Ok time to get back to Nature. Our Wild card was far from paying itself off and we wanted a desolate beach to chill out at so we set our sights for the De Hoop Nature reserve. This little gem of a park had a deserted coastline, Massive Dunes, craggy coastlines, a fresh water lake with an abundance of birdlife, and the rare Bontebok Antelope. On the smaller scale the ground is covered wonderful plant life and is part of the Cape Floral Kingdom. On the lake we saw the African Spoonbill, and interesting stork with a … you guessed it… spoon shaped bill. The coast has a 5 day hiking trail that we did an out an back on taking in more whales of shore (here we saw the trademark whale tale and some breaching activity), some cool rocky tidal zones, and much interesting plant life.
De Hoop Dunes
Walking The coast
Time to stop and appreciate the small things
From De Hoop the Whales shared the ocean with surfers and holiday beach goers on the long strip of southerly coast called the Garden route. One beautiful town after another sits upon a perfect bay, lagoon, or estuary were South Africans flock during the summer. We picked the little town of Wilderness and the Wild Farm Backpackers. This was another recommendation that paid off. The Wild Farm set high up on a hillside with perfectly manicured gardens and lawns, impressive views over both the ocean and the surrounding mountains. They had a huge garden were we were allowed to pick and cook whatever we liked. Hearty veggies like sweet potatoes, carrots, and onions were in season and we feasted upon them. We arrived mid week early in the summer season and had the entire place to ourselves. It had a really homey feeling and we enjoyed the guilty pleasure of lying on a couch all day watching television, something we have not done in a very long time.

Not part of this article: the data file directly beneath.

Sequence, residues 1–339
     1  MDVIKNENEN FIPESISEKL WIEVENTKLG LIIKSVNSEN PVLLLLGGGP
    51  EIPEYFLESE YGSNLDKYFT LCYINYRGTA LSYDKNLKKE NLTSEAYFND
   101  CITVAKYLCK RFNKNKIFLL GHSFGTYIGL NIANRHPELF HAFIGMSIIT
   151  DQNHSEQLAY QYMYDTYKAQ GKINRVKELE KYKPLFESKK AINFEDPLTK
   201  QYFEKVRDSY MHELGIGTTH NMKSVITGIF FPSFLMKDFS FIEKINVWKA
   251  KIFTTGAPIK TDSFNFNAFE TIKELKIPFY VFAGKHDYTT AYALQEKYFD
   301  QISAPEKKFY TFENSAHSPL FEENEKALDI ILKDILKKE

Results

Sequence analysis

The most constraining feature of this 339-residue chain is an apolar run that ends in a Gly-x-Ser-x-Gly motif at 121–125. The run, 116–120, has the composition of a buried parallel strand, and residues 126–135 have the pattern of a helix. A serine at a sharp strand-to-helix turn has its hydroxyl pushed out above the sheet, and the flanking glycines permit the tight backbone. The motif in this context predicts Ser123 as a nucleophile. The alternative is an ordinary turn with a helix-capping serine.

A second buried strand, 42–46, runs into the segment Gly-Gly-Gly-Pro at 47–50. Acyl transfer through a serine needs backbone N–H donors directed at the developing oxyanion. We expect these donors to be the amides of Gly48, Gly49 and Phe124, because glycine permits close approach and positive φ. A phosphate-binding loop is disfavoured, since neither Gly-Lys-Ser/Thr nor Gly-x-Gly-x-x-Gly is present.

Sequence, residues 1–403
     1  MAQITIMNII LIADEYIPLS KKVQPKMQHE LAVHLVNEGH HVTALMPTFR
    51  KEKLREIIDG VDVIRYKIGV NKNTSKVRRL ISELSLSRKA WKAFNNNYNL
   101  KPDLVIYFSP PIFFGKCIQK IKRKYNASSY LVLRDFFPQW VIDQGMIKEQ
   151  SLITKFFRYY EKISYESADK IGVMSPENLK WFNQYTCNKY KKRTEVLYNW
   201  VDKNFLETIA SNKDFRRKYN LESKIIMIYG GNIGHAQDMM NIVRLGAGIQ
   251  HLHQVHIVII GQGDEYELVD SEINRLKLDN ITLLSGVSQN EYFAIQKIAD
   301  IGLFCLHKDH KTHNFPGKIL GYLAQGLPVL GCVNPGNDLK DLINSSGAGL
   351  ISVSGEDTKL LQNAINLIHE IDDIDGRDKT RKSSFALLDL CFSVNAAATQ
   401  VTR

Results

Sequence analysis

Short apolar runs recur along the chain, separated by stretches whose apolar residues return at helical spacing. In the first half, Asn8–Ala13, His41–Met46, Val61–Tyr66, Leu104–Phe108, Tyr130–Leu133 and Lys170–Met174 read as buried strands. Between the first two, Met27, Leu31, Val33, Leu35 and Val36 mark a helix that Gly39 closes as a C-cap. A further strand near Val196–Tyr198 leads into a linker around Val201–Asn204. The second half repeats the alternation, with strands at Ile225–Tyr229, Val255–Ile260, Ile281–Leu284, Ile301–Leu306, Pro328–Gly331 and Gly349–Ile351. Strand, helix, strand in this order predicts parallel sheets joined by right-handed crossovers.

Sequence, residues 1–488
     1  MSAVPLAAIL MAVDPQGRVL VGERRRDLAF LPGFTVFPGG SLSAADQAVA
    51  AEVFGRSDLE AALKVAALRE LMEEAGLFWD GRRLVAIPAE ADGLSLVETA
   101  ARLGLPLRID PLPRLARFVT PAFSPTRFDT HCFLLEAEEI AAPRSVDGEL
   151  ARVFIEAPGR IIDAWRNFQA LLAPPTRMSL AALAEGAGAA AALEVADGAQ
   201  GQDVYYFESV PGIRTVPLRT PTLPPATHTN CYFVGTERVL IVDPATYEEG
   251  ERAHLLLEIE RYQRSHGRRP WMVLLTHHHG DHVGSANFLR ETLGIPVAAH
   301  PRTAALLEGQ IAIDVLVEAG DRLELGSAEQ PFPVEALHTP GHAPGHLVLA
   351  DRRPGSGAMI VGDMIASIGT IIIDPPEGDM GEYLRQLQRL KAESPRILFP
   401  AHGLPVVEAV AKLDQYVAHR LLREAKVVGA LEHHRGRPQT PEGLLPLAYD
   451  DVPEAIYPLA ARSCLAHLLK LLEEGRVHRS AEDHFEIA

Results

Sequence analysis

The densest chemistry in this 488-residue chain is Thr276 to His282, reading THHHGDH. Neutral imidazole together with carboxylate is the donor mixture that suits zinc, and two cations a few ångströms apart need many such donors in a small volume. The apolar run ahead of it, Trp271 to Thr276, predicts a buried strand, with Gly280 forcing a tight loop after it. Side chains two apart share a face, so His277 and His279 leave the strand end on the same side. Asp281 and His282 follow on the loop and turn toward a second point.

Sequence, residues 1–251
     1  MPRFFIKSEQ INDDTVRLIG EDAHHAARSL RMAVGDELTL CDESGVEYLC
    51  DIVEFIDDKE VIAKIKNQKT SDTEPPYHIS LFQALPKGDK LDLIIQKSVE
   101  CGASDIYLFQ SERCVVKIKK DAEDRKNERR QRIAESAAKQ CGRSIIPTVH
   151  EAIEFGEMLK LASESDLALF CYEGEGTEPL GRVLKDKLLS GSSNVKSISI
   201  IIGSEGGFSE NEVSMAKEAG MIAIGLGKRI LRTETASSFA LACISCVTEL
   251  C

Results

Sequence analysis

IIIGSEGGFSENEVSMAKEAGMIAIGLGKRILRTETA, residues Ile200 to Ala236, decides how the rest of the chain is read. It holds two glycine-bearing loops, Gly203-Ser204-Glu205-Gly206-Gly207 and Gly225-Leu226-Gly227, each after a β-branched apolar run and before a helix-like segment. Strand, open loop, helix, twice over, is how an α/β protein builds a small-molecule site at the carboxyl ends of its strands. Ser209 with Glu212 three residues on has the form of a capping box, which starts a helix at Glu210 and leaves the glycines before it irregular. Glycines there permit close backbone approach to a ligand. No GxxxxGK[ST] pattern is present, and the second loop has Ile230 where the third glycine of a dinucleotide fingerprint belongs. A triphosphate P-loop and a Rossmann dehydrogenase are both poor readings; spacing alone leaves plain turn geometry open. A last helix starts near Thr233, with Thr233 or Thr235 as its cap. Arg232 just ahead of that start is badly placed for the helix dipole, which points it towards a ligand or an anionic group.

With so much more time to spend on the coast we thought a little trip inland would be worthwhile. Just over the hills and not to far away the lush coastal landscape of the garden route quickly faded back into the arid Karoo. With the promise of stunning mountain passes and the opportunity to ride a ostrich we set off.
On the way to Oudtshoorn, the self proclaimed Ostrich Capital of the World, we did the super touristy thing and visited an Ostrich farm. It was certainly interesting and the endless supply of ostrich related tourist trinkets was engaging, but we visited strictly for the bird ride. This area of South Africa is home to thousands of Ostriches and Ostrich farms and a few will let you hop on the back of one of the huge birds and go for a spin. Even with the two guys running behind to catch you if you fell off it was a ton of fun. What they can't do in the air they make up for on the ground, these birds can run!
The scenery on the mountain passes was pretty nice but the bird ride won the day. We were back on the shore before the days end and were hoping for some better weather and more beach time.